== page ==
Thursday, 17 September 2009

Values and mojos


Mojo_X-Men_ep-24 I wrote in my last but one post that I’d follow up on my review of Rosabeth Moss Kanter’s description of Procter & Gamble’s value-led strategy with some more notes on the role of values in supporting organisational mojo.

Firstly, I should explain that I’m not generally a fan of organisational values (see this post).

This may surprise you?

After all, I post fairly regularly on the need for organisations to be clear about how they’re going to operate (their mojo) and then to compete on the way that they’ve structured themselves around this (their organisational capabilities).

I just find it difficult to feel positively about the role of values in supporting mojo and organisational capability.

This is partly about my own experience.  None of the best change processes I’ve been involved in – as an employee, a line manager, an HR Director or a consultant – have involved them.  And some of the very superficial and ineffective change exercises that I’ve been involved in (not, I hasten to say, as a change leader) have placed a new set of values at the very centre of the change.

I also don’t like the idea that people should be asked to change their own values to fit with an organisations.  Again, this perspective comes largely from my own introspection and the fact that I’ve never really changed my own values to fit with an organisation’s – at least not as a result of any intentional strategy of, and deliberate actions taken by, an organisation.

However, I do recognise the benefit of values within recruitment – to ensure that people are only recruited when they have the values that the organisation wants them to exhibit.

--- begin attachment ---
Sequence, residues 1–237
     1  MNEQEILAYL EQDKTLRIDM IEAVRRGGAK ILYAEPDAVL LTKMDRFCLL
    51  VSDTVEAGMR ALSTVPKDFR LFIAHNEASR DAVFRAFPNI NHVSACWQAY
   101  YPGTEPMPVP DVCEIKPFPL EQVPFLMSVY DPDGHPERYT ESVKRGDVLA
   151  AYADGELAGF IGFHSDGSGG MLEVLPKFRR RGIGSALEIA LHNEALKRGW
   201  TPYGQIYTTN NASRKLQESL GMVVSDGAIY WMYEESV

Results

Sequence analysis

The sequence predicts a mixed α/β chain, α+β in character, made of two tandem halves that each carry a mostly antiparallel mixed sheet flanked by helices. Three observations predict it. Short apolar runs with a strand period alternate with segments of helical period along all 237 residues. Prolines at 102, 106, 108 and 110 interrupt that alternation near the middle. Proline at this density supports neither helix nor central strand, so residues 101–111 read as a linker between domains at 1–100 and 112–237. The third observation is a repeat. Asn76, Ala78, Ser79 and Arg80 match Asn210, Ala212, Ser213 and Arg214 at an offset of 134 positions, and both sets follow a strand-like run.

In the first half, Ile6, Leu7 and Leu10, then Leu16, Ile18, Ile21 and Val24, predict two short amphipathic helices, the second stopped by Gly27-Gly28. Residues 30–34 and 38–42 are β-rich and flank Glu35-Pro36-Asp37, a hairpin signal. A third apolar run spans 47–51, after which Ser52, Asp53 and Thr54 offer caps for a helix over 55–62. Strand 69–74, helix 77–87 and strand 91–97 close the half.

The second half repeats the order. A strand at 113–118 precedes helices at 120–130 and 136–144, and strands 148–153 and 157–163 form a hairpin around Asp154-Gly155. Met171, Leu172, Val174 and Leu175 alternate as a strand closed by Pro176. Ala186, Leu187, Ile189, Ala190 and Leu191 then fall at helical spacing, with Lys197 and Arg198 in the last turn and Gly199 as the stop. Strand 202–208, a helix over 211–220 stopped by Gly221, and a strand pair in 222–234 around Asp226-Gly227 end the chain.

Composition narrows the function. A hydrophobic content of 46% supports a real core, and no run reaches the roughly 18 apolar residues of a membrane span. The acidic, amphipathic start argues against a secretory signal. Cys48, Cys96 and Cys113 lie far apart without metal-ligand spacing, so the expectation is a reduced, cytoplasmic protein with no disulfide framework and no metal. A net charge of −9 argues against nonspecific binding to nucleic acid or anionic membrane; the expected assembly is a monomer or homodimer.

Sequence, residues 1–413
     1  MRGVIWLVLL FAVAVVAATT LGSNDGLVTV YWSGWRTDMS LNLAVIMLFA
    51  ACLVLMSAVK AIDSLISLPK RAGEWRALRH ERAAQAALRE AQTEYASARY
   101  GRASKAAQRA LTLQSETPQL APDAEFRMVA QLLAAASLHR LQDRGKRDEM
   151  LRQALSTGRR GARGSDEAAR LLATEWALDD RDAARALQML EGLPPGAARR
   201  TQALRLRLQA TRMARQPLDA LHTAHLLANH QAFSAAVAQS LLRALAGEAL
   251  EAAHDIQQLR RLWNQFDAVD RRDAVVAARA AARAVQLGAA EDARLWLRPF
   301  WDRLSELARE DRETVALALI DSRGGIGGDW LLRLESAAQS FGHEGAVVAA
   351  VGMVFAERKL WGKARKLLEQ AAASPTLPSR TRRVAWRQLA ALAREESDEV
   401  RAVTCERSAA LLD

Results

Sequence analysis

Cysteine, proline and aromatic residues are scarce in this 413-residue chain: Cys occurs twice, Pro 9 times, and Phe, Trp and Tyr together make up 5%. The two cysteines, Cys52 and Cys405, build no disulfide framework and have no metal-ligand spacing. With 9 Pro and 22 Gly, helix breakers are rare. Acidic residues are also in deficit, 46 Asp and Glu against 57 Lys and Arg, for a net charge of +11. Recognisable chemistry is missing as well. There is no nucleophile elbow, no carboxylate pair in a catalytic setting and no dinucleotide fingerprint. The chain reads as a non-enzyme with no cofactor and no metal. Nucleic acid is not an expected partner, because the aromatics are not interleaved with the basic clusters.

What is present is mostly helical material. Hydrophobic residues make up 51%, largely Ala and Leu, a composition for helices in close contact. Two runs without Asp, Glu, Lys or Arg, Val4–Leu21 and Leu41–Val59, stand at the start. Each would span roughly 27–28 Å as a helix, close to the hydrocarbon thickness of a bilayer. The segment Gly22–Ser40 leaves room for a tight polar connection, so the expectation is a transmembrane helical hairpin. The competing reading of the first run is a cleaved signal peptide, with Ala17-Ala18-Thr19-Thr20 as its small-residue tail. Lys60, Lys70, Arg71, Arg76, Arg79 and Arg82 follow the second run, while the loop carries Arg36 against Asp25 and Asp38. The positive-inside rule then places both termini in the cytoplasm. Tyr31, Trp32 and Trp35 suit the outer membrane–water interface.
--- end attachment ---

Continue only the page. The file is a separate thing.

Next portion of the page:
In addition, I have changed my values when I’ve seen the benefits of, and been engaged by, an organisation’s values.  That is, they’ve not asked me to change my values – but I’ve been personally compelled to do so.

Of course, I’d argue that what really compelled me to change was the organisation’s mojo, its organisational capabilities and its culture – not it’s values.  But I suppose values can have a role in helping to articulate what the organisation’s mojo / capabilities / culture are about.  This is going to help organisational leaders, and employees, ensure that their actions are aligned with their mojo, and as long as this is the way that values are used, then doing this is only going to help.

In my next couple of posts, I’m going to look at some case studies that may shine some further light on this…



Image: Mojo in an episode of the X-Men animated series

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